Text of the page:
Nerve Blocks Crps
An option in pain management that could be useful for CRPS
When it comes to pain management, there are many options out there that might represent a resolutive path for patients affected by different conditions. Pain Management in Complex Regional Pain Syndrome, however, can be very challenging for patients as well as for doctors. This is because CRPS is a debilitating condition of which pain is merely a symptom. We all know that, although there is a valid treatment path, there is no actual cure for this condition and that simple pain management might work for a while, yes, but, on the long run, it can be less and less efficient, when it isn’t worsening the situation.
However, pain management options can help a patient in passing through the acute phase of CRPS, before undergoing the correct treatment. In this small article, we would like to briefly analyze one option adopted by many as a first choice to treat the pain of CRPS.
Nerve Blocks consist of the injection of a specific numbing medication into a specific area of the body. This technique can also be used to help with the diagnosis since, because of the reaction of the nervous system, it gives an idea of the source of the pain. As far as CRPS and its pain management, unfortunately, the option still is to “try” different options until one works. Nerve blocks have proven to be successful in more than 50% of cases, showing an acceptable level of pain relief for 3 to 6 months after the treatment. However, there are very few studies conducted strictly on patients affected by CRPS: usually, the trials are conducted on various types of conditions causing neuropathic pain. For example, one of the most recent studies conducted (published in October 2019) was on the use of nerve blocks to assess the correct positioning of a Spinal Cord Stimulator (inconclusive in that sense) and found that it may help patients with Complex Regional Pain Syndrome.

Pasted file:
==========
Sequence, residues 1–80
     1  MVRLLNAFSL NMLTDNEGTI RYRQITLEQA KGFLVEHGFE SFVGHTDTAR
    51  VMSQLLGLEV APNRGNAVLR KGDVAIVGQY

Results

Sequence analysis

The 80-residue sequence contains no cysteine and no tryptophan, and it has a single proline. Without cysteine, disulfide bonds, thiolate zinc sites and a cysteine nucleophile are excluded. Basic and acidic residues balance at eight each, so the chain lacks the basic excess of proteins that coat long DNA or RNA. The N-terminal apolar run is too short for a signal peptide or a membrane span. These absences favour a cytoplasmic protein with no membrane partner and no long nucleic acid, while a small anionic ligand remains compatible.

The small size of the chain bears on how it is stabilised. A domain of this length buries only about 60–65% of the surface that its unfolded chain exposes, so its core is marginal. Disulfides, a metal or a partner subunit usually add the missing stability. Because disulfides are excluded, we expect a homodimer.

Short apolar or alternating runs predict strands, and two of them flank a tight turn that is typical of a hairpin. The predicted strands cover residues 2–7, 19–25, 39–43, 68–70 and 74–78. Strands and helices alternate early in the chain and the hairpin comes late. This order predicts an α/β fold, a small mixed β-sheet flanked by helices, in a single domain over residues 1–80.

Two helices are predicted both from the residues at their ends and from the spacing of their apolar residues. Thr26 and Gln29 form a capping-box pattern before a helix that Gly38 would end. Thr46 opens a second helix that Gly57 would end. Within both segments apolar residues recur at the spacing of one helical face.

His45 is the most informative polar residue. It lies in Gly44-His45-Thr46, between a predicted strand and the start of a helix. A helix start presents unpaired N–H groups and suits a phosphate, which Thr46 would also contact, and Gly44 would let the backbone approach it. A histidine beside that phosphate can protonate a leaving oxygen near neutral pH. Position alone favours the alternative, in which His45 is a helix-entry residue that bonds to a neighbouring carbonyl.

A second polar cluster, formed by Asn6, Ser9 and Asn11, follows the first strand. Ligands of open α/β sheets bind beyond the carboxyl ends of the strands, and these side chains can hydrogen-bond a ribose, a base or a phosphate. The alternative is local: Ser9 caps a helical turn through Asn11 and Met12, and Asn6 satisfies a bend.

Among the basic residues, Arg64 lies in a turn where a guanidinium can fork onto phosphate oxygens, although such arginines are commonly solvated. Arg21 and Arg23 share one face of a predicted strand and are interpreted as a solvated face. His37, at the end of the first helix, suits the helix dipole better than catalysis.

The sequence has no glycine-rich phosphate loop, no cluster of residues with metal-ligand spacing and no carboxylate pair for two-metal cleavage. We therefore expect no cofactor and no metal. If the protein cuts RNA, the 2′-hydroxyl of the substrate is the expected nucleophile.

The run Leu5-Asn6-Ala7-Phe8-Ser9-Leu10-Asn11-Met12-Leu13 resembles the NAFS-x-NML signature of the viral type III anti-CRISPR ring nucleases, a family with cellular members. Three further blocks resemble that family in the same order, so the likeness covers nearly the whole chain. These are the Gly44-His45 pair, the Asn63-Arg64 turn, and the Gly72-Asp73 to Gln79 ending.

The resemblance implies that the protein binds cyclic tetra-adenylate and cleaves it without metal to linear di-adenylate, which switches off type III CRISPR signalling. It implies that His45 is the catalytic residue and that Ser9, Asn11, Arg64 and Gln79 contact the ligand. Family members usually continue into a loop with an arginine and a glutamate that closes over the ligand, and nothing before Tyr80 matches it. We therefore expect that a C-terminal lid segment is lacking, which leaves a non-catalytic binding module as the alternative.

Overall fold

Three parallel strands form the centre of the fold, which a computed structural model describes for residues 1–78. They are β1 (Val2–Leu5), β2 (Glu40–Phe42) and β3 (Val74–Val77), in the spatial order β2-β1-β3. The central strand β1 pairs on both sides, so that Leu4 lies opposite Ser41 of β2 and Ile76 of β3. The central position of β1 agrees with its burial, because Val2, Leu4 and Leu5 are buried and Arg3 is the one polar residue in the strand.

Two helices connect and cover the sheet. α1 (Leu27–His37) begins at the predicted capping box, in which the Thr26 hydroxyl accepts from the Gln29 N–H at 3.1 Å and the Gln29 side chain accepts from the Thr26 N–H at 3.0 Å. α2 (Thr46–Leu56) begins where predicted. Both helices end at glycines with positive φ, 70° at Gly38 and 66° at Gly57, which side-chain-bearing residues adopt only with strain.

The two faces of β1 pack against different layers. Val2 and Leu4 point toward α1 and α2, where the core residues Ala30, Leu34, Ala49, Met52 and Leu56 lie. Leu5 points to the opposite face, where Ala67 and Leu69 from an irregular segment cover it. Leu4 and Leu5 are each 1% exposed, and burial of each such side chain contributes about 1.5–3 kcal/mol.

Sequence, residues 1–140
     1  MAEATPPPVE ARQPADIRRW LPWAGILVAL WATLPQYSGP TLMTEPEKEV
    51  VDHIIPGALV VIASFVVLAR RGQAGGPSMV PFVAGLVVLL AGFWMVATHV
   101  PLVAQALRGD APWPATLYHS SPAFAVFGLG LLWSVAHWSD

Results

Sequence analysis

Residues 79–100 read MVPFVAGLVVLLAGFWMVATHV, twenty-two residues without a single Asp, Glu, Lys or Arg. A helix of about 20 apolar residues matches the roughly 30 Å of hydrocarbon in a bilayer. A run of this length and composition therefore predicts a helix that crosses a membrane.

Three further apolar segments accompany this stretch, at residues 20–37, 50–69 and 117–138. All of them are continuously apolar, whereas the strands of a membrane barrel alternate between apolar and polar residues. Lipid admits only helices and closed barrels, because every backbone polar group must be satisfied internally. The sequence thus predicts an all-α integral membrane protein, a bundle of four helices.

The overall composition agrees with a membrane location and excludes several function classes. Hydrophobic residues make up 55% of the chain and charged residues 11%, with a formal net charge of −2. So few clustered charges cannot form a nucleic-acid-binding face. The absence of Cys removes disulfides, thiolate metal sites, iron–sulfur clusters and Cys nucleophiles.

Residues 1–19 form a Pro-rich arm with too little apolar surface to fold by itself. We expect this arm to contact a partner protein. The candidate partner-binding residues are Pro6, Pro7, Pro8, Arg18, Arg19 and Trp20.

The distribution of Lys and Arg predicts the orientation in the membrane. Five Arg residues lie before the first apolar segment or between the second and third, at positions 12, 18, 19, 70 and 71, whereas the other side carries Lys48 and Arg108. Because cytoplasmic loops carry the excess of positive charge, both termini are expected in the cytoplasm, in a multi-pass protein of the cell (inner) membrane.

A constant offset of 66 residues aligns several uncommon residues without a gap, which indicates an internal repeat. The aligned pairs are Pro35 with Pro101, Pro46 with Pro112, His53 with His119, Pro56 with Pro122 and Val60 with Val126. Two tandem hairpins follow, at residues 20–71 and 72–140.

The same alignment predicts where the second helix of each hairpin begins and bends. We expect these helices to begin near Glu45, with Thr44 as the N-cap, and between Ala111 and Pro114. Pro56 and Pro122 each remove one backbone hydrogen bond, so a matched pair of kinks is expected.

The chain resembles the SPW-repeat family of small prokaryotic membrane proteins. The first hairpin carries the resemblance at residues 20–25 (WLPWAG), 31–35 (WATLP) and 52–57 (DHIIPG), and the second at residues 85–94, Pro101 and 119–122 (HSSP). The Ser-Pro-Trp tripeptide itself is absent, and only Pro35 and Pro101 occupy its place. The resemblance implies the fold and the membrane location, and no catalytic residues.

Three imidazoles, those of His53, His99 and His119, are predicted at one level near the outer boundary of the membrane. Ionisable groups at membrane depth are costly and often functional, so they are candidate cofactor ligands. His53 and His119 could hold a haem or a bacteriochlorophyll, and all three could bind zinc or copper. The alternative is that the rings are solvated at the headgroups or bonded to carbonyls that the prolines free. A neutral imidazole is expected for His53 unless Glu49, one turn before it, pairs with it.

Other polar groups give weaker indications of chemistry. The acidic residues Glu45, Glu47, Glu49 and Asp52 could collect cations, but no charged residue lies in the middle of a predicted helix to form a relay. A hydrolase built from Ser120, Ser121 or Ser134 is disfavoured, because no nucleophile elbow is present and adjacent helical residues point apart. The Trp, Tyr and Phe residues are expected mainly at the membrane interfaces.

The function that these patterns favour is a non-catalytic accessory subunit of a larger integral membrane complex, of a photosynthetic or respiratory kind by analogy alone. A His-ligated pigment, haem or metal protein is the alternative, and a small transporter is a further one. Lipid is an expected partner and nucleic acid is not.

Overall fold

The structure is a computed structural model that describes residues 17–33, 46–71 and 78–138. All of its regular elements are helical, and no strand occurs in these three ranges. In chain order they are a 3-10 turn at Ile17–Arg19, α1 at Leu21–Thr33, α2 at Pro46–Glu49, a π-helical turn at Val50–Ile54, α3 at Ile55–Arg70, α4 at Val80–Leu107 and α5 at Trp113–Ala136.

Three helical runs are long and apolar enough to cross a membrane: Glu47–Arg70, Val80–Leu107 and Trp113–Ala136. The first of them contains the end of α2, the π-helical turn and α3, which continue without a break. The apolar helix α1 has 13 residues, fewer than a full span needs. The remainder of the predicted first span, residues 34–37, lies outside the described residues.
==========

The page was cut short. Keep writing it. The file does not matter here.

There has been a promising study with Nerve Blocks involving only children (9 to 16 yrs old) which showed how this therapy could help with pain management and give the patient the strength of undergoing physical rehabilitation. There have not been many studies involving adult patients: one was promising in 1989 but had no follow-up. It has shown that a nerve block conducted after an early diagnosis could help with the pain management enough to bear the real treatment, but it can not be considered a resolutive option.
Another promising case was recorded in ’91 and, more recently, a study conducted in 2018 on 3 patients has shown promising results within 6 months from the diagnosis. The study concluded that the blocks would need further investigation to demonstrate the clinical efficacy of the option.
If nothing else helps, from minor pain management drugs to anti-inflammatory therapies, this could be a good and less invasive option to manage the pain and, after that, undergo the correct treatment path. A multidisciplinary approach remains the best way to treat Complex Regional Pain Syndrome and hope for a total remission.
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